Dolphins can to Vulpes from Aquaticus starting in the 2600's, as of last year there were about 500,000 Vulpes-born Dolphins
and another 20,000 Aquaticus born dolphins living on Vulpes (mainly in underwater cities).
How male and female dolphins usually meet: Female dolphins usually live together with other females and their
calves while male dolphins are generally more nomadic in nature. It's not that the males and females don't get along,
because they do get along very well. It's just that Aquatarian dolphins have been "wired" in different ways, where
the females generally stick together, while the males are generally solitary*. Some of the Vulpes-born dolphin males
however don't have this characteristic and are sweet and loving mates.
Developing a meaningful relationship: Usually, males and females are only together during the spring months when dolphins
have their "mating season"...in truth though dolphins are sexually active year round. During this time, male dolphins
are highly emotional and protective of their yiff partners, not wanting any other male to mate with her and/or to protect
the female and her developing calf from any potential problems. Male dolphins will usually spend a couple months with
a yiff partner before returning to their nomadic life. Of course, some of the Vulpes-born male dolphins are much more
romantic towards their yiff partners and are allowed to stay with the female until she gives birth (the females will let the
males stay with them until the calf is born if they so desire).
Dolphin couples that decide to stay together and live on land generally operate the same way that most other Vulpine
Special Emotional Traits: During pregnancy, a female dolphin can call out to her mate in a case of extreme distress.
Male dolphins can hear this signal for up to 25 miles underwater.
Mating Season: Spring months (generally March and April), though technically dolphins can mate at anytime.
Male dolphin reproductive characteristics: Male dolphins have a long and highly flexible penis. In fact, it
is so flexible that if the male wanted, he could use it to wrap around objects (I.E. poles).
Female dolphin reproductive characteristics: Female dolphins have a highly muscular vaginal canal.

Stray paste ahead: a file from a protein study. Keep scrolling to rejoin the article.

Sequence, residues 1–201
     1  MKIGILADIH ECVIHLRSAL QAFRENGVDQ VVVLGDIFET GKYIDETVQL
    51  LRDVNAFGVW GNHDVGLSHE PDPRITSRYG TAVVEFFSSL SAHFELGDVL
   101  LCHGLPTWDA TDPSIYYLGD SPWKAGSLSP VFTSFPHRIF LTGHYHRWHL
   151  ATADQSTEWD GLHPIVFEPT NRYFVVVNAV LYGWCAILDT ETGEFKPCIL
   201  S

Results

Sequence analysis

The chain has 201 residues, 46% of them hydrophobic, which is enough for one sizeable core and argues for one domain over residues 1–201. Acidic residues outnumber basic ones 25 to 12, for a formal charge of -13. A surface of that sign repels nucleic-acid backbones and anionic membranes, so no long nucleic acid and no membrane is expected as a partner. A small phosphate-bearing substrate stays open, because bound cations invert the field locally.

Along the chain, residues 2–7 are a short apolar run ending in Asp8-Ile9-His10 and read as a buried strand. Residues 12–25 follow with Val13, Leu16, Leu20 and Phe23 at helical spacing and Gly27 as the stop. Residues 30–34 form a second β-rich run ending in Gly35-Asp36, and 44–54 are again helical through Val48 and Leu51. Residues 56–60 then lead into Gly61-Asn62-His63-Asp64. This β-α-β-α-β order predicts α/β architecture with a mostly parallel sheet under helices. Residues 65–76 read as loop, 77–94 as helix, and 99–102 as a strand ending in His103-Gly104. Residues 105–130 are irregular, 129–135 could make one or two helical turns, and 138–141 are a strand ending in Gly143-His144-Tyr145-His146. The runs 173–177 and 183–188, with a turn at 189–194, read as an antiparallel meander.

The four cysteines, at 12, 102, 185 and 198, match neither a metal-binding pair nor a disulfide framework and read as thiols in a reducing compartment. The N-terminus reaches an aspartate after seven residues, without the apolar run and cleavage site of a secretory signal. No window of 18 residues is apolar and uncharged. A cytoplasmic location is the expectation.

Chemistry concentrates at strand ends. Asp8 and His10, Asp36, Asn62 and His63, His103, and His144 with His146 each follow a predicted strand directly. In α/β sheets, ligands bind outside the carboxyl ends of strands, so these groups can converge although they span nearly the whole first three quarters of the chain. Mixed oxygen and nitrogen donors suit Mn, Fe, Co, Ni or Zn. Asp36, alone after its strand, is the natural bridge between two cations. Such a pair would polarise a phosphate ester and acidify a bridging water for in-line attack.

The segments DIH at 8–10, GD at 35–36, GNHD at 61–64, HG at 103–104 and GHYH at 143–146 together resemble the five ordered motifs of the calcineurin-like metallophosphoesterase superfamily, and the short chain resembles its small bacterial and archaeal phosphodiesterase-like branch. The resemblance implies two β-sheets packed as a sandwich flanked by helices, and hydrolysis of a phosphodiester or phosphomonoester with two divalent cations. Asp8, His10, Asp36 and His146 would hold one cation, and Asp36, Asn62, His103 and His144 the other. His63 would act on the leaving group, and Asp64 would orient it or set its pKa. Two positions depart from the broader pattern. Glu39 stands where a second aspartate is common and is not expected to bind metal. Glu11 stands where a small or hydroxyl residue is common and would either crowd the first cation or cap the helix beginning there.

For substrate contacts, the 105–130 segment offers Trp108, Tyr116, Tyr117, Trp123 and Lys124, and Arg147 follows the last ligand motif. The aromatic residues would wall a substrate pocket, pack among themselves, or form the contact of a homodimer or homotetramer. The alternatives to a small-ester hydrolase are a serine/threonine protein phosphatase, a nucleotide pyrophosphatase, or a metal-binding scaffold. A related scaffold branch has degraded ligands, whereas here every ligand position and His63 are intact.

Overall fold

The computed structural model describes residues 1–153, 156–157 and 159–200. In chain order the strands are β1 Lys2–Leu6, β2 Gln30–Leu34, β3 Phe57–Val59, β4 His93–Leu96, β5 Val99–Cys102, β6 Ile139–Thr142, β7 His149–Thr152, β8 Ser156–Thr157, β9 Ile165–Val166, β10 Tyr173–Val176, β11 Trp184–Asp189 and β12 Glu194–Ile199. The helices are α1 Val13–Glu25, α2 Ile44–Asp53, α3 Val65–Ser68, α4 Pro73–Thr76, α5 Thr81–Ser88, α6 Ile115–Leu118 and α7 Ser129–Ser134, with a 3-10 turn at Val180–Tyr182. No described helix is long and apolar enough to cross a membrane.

The yiffy experience: Underwater: When a dolphin couple decides to yiff, the female will usually swim underneath the
male and allow him to penetrate her from above. Then, the couple usually mates belly-to-belly (just as non-anthro dolphins
do). Male dolphins usually mate with the same female several times in a short amount of time this way.
On land: Male and Female Dolphins have no real yiff preference when they yiff on land, although most of the time they
yiff underwater. When a male yiffs with the female on land, he only yiffs her once, but the experience is longer than
each individual experience would be if they were both underwater.
> Typical sperm count per yiffy encounter: 1 billion to 3 billion
> Typical "batting average"**:
about 25% (underwater), about 40% (on land)***
> Average time needed for recovery between yiffy encounters: 1-3 hours
> Average age of reaching sexual maturity: 12
> Average age of first sexual encounter*: 17
> Average number of egg cells released during yiff (if any): 1 (very rarely 2)
> Average litter size: Almost
always just one
> Maximum litter size: 2 (astronomically rare)
> Typical number of litters a female dolphin will
give birth to in her lifetime: 5 to 10
> Gestation: About 9 months
> Average age of reaching sexual maturity: 11
> Average age of first sexual encounter*: 17
Male Dolphins (Aquatarius-born): Outside of staying with the female for a few months after she first conceives and coming
to her aide in an emergency, the male has little or no parental role (mainly by the FEMALE's choice).
Male Dolphins (some Vulpes-born): Willing to share parental responsibilty with the females, teaches the calves to hunt
and swim faster, etc.
Females (all): Females (unless they have a Vulpes-born mate) generally raise the calves on their own, with help
from the other females in the group.
Overall: Though many male dolphins only seek a mate during the mating season and have little parental role. All
male dolphins, no matter where they were born care for their mates and their calves (he will often mate with the same female
over and over again year after year). Like non-anthro dolphins, Aquatarian dolphins are highly emotional and form strong
bonds, regardless of whether the male is a nomad that only comes by for a few months per year or if he's a typical Vulpine
male, wanting to raise a family together with his mate.
Overall strength of relationships involving nomadic males (on a 0-10 scale*): 7.5
strength of relationships involving Vulpes-born males: 9.5
END OF ACT 19...FOR THE YIFFY PORTION OF THIS ACT CLICK ON THE
FLASHING BUTTON, WHICH WILL TAKE YOU TO THE CX-FILES GROUP.
ONCE THERE, LOOK FOR EPISODE